Effects of Traction: Articular Facet Joints
  • Facet joints are separated releasing impinged structures
    • Dramatic reduction in symptoms
  • Joint separation decompresses articular cartilage allowing synovial fluid exchange to nourish cartilage
    • Decreases rate of degenerative changes
  • Increased proprioception from facet joint structures provide sensation of pain relief
effects of traction muscles
Effects of Traction: Muscles
  • Vertebral muscles can be stretched
    • Initial stretch should come from body positioning
  • Stretch lengthens tight muscle
  • Allows for better muscular blood flow
  • Activates muscle proprioceptors providing sensation of pain relief
    • Gate Control Theory
effects of traction nerves
Effects of Traction: Nerves
  • Focus of most traction treatments
  • Pressure on nerves or nerve roots often associated with spinal pain
  • Unrelieved pressure on a nerve will cause
    • Slowing, eventual loss of impulse conduction
    • Motor weakness, numbness, and loss of reflex
    • Pain, tenderness, and muscular spasm
traction treatment techniques
Traction Treatment Techniques
  • Lumbar Positional Traction
    • Inversion traction
  • Manual Lumbar Traction
    • Level-specific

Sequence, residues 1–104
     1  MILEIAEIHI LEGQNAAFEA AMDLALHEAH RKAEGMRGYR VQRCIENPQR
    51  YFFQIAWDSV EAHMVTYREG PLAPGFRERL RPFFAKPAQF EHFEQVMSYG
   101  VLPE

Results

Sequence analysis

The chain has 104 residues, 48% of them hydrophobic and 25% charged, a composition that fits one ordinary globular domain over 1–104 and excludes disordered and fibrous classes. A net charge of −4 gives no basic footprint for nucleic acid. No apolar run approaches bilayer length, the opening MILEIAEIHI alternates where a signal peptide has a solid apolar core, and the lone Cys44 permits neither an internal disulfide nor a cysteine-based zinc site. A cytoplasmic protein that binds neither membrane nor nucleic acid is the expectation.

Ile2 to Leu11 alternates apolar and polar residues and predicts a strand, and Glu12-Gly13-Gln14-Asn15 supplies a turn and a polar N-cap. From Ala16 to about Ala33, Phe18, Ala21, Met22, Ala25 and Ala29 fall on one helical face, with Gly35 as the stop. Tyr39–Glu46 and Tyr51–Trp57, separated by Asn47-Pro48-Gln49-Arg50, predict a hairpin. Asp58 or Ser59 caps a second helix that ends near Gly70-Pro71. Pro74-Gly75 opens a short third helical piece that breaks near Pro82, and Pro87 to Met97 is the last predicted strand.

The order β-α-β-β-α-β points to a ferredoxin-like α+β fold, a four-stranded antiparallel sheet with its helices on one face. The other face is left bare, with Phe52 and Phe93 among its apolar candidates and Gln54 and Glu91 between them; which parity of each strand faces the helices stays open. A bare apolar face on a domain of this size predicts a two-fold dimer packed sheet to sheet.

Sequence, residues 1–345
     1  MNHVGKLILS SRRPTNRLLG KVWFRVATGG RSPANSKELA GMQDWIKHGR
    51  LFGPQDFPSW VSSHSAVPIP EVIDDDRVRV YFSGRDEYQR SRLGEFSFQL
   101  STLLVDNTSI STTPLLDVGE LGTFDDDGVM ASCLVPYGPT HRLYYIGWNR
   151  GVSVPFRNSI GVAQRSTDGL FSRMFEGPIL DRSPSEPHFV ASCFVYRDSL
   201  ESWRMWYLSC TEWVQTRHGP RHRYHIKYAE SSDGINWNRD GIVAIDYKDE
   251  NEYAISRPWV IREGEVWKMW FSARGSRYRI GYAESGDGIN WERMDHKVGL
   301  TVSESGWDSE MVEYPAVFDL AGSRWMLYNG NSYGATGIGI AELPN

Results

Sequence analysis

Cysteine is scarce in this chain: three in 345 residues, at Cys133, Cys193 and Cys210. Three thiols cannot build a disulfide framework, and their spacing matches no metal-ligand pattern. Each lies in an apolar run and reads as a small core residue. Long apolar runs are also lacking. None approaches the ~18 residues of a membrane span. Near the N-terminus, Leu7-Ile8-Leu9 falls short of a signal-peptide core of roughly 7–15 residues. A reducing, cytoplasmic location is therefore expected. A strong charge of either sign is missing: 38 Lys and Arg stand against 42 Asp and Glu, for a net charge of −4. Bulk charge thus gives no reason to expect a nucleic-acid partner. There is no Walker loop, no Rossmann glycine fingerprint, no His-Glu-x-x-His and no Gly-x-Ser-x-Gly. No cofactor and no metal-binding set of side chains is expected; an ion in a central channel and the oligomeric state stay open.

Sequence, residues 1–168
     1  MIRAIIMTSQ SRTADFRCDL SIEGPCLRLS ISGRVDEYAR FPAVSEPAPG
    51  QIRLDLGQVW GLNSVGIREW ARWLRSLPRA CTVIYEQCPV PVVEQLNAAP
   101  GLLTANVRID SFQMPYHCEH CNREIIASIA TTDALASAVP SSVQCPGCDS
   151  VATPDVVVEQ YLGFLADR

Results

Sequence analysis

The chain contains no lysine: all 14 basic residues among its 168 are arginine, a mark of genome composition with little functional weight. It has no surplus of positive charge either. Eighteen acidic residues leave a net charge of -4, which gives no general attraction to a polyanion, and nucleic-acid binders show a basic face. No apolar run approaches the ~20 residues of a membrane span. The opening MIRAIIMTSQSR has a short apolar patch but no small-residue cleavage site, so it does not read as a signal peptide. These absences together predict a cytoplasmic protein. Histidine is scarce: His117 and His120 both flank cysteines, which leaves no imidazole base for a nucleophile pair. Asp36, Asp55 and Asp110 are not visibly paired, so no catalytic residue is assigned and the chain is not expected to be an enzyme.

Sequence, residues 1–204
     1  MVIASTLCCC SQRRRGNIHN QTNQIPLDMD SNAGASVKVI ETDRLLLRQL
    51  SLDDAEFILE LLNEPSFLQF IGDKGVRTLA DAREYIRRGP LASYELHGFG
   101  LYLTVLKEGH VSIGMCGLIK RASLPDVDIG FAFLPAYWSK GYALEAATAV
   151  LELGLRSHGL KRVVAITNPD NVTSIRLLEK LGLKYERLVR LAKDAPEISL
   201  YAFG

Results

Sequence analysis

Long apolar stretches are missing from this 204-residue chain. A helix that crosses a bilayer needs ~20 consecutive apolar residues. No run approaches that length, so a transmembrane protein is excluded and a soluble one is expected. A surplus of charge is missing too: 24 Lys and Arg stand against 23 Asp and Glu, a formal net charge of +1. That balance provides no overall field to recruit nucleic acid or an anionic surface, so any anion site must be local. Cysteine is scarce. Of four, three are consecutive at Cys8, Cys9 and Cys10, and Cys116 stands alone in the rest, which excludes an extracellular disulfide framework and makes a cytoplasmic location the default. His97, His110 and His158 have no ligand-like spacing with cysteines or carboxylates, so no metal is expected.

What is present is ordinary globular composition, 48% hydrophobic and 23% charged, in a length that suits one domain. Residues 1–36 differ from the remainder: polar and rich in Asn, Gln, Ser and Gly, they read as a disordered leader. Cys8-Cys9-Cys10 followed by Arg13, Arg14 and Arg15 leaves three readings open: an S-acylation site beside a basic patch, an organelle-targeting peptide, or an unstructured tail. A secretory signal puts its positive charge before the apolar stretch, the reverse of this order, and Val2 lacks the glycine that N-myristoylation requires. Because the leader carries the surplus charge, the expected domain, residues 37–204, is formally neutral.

• Unilateral leg pull
  • Mechanical Lumbar Traction
  • Manual Cervical Traction
  • Mechanical Cervical Traction
lumbar positional traction
Lumbar Positional Traction
  • Patient typically on restricted activity program
  • “Trial and error” process to determine position that offers maximum comfort
side lying position unilateral foramen opening
Side-lying Position: Unilateral Foramen Opening
  • Lateral Herniation
    • Patient leaning away from painful side
    • Lie painful side up
    • Lie on right side over blanket roll
side lying position unilateral foramen opening1
Side-lying Position: Unilateral Foramen Opening
  • Lateral Herniation
    • Patient leaning away from painful side
    • Lie painful side up
    • Lie on right side over blanket roll
  • Medial Herniation
    • Patient leaning toward painful side
    • Lie painful side down
    • Lie on right side over blanket roll
side lying position unilateral foramen opening2
Side-lying Position: Unilateral Foramen Opening
  • Side-lying with a blanket roll between iliac crest and rib cage
  • Increases intervertebral foramen size of superior side of lumbar spine
side lying position unilateral foramen opening3
Side-lying Position: Unilateral Foramen Opening
  • Maximum opening of intervertebral foramen
  • Achieved by flexing upper hip and knee and rotating shoulders in opposite directions

Maximum opening of left side

supine position bilateral foramen opening
Supine Position: Bilateral Foramen Opening
  • Knees to chest position
  • increases size of lumbar intervertebral foramen bilaterally
  • Separation of spinous processes
inversion traction
Inversion Traction
  • Hang upside down
  • Lengthens spinal column due to stretch provided by weight of trunk
  • Repeat inversion 2-3 times
  • Observe for signs of vertigo, dizziness, or nausea
manual lumbar traction
Manual Lumbar Traction
  • Used prior to mechanical traction
  • Helps determine degree of lumbar flexion, extension, or side-bending that is most comfortable
  • Most comfortable position is usually best therapeutic position